3. Your Tail Pipe Has Black Smoke

 

You tail pipe having black smoke coming out of it is a sure sign that there is something wrong with your fuel pressure regulator. Have it replaced. The normal color of any smoke coming out of the exhaust should be white or gray, not black. That is a sign that something is definitely wrong.

 

4. Check Your Oil Dipstick

 

Check the oil dipstick and see if you smell fuel on it. If you do, it could be a symptom of a bad fuel regulator. The regulator has allowed gasoline to leak into the oil system.

 

5.  Gasoline Dripping Out of the Tailpipe

 

If you have a drip of gasoline out of the tailpipe. Other than if you overfill your tank, it most likely is the fuel pressure regulator. The gas is leaking into the exhaust system because the fuel pressure regulator is allowing it to pass into the lines.

 

6. Stopping Running

 

If the engine stalls when you press down on the gas pedal, you need to check out the fuel pressure regulator. Normally there is no hesitation when you press on the gas to go. If you start to go and it hesitates before it goes, you also need to get it checked out, because it may just be starting to go out.

 

7. Confirmation

 

If you want to confirm that it is really your fuel pressure regulator that is gone here is how to check it. Remove the vacuum hose that attaches to the fuel pressure regulator, making sure that the engine is turned off. If gas is in the line, it is bad. If there is none in the line, but when you turn the switch to on, fuel drips out of the hose than it is bad.

 

 

 

 

 

Read more: http://www.doityourself.com/stry/7-symptoms-of-a-bad-fuel-pressure-regulator#ixzz2VMleF1mY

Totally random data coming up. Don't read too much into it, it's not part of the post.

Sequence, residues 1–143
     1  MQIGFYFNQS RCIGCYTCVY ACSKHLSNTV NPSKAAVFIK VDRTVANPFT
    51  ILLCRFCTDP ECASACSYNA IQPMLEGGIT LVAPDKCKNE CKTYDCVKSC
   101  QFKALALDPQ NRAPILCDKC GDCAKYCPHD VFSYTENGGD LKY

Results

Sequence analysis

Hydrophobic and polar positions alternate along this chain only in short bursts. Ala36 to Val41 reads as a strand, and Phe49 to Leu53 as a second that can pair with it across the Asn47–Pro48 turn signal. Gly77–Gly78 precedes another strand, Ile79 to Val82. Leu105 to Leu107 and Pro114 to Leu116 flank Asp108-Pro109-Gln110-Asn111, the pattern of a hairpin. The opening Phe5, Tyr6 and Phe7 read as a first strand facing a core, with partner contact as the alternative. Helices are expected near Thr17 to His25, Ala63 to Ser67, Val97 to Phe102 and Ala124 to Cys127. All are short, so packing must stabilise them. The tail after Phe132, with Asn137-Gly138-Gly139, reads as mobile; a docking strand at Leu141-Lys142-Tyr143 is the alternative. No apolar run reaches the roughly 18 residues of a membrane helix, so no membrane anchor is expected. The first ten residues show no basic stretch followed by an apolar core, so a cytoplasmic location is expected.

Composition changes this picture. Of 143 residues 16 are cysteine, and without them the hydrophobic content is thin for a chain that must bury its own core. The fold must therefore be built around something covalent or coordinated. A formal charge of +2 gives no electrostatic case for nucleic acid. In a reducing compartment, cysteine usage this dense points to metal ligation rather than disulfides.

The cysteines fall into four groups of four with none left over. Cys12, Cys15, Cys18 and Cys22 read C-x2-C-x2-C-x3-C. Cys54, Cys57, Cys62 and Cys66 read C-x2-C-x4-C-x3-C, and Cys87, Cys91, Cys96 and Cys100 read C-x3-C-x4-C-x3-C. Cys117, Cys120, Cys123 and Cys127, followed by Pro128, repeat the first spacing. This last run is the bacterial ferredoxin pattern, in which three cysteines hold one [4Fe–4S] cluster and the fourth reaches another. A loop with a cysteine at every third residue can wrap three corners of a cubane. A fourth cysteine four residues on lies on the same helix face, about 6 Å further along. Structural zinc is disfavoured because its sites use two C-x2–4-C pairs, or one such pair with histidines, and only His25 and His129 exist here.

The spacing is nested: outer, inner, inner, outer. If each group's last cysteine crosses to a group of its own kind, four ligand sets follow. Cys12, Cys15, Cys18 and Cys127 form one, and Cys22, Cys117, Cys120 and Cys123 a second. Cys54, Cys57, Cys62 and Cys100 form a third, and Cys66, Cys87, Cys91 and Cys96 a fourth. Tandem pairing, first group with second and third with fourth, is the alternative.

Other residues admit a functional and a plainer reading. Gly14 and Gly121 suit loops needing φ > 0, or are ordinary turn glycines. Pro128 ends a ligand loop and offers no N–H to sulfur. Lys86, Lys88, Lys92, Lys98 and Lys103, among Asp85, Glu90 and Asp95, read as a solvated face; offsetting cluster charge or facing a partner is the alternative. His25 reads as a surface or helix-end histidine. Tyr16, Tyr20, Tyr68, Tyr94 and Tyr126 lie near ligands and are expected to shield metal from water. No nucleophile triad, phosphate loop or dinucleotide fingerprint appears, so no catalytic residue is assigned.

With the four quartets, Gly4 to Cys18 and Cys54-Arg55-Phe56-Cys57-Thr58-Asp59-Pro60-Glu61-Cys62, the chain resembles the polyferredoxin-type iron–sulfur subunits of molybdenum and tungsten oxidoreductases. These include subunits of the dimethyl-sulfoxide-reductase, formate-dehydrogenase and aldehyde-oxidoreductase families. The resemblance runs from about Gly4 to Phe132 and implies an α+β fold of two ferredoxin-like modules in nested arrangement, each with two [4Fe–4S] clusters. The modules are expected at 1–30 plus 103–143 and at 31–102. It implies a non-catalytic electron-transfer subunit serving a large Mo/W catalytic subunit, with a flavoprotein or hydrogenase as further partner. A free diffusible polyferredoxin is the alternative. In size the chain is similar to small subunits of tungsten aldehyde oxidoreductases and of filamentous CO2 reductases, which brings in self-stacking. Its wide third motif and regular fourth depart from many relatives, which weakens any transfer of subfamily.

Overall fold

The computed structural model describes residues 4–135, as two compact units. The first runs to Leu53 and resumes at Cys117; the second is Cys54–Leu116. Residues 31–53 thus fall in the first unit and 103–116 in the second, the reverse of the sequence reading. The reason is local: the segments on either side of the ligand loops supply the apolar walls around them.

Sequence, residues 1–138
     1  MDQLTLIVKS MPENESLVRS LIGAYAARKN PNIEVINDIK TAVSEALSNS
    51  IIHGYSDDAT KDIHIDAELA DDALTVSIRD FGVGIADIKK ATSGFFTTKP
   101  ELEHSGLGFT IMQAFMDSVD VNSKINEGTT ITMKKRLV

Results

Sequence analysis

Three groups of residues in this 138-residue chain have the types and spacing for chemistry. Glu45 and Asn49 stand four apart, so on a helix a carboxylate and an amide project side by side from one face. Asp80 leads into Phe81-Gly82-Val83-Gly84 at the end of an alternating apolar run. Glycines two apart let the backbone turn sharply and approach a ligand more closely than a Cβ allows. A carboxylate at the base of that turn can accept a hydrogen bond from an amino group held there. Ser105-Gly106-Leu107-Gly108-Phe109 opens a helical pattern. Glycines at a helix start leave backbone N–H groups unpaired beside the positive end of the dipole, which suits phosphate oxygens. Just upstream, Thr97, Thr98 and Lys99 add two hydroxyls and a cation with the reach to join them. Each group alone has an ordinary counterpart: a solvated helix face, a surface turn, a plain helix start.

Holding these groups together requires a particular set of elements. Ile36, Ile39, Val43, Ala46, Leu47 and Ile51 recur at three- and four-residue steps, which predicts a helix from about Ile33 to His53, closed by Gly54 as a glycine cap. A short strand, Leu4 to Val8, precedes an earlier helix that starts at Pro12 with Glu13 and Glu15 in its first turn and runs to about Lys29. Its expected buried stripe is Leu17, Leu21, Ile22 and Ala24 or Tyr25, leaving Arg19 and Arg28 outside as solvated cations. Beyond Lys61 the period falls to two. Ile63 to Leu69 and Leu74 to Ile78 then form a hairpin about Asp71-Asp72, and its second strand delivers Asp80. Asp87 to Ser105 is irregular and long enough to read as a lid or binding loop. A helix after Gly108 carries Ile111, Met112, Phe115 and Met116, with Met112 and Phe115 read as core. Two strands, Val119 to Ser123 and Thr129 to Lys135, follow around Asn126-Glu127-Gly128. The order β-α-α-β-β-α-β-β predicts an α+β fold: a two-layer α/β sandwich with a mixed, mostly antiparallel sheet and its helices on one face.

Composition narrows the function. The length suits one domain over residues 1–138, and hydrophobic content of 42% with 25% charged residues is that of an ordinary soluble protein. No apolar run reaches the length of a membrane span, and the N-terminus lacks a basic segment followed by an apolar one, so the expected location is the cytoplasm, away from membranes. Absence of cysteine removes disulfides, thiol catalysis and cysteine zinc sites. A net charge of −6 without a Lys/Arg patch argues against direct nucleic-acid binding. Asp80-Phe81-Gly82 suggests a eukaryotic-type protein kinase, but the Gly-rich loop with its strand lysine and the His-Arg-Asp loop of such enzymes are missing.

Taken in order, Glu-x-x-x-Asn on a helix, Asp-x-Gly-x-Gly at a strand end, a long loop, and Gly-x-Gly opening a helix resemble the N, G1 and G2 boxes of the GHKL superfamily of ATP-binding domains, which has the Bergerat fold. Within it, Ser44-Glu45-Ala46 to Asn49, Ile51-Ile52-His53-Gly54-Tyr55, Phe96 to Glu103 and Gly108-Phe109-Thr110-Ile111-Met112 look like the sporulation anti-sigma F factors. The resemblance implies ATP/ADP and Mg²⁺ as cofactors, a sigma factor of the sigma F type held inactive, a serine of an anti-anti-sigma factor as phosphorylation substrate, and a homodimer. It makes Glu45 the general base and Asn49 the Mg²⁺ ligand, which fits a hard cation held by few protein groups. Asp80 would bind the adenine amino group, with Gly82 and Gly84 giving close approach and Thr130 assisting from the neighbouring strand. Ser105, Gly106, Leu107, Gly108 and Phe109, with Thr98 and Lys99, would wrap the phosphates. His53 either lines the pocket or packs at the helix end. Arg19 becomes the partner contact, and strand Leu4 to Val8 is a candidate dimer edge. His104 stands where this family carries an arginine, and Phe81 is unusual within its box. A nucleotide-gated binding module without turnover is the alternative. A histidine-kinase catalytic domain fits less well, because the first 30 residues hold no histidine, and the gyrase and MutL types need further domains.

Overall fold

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Update* Checked for Fuel again, not getting fuel when I turn the key. Checked before the filter, still nothing. So I now know its not a clogged filter. When I turn the key, I hear te pump make a whining sound. It's very faint. Could my pump be going out?

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The engine is not seizing, it is hydro locking because the cylinders are full of fuel.

The injectors are either not seated properly or the o rings are not sealing the lower section of the injectors.

You need to remove the injectors, pull the spark plugs out and crank the engine to get some of the fuel out of the cylinders, figure out why the injectors are not sealing and correct it.

 

When you put the injectors back in you need to turn the key to ON for a few seconds to allow the rails to prime. Turn the key off, put the gas pedal on the floor and hold it, then turn the key to start.

With the pedal on the floor the injectors are disabled, so the engine will not flood again. After a few seconds the fuel that's already in the cylinders will clear and the engine will fire. Once it is running take your foot off the pedal and it should stay running on its own.

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I took the injectors off a car identical to mine with the exception of color.

 

That's your problem.  Grey and black injectors are not interchangable.

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  They are darn near impossible to get out without breaking them.

 

That is nonsense - granted, they are not "easy" to get out, but it is possible to get them out without breaking anything. Have done it several times and never broke a single one.

 

 

All 4 injectors "should" be the same in color/style, and should be the appropriate color/style for your specific car - too big a nozzle, or too small a nozzle WILL cause issues. Do not mix colors/styles. as an example - my 1990 Legacy w/4eat has grey top injectors installed - all 4 the same.

 

When installing, give the O-rings a light coating of engine oil to help them slide in and seat properly. trying to put them in dry will almost certainly cause problems with them not seating correctly.

 

Make sure the plugs for each injector are fully & completely connected.

 

And most definitely check your oil level - my bet is that it is extremely diluted with gas at this point and reading really high - should be changed ASAP - and once you get it running properly again, change it again to make sure all the gas is removed from the crankcase.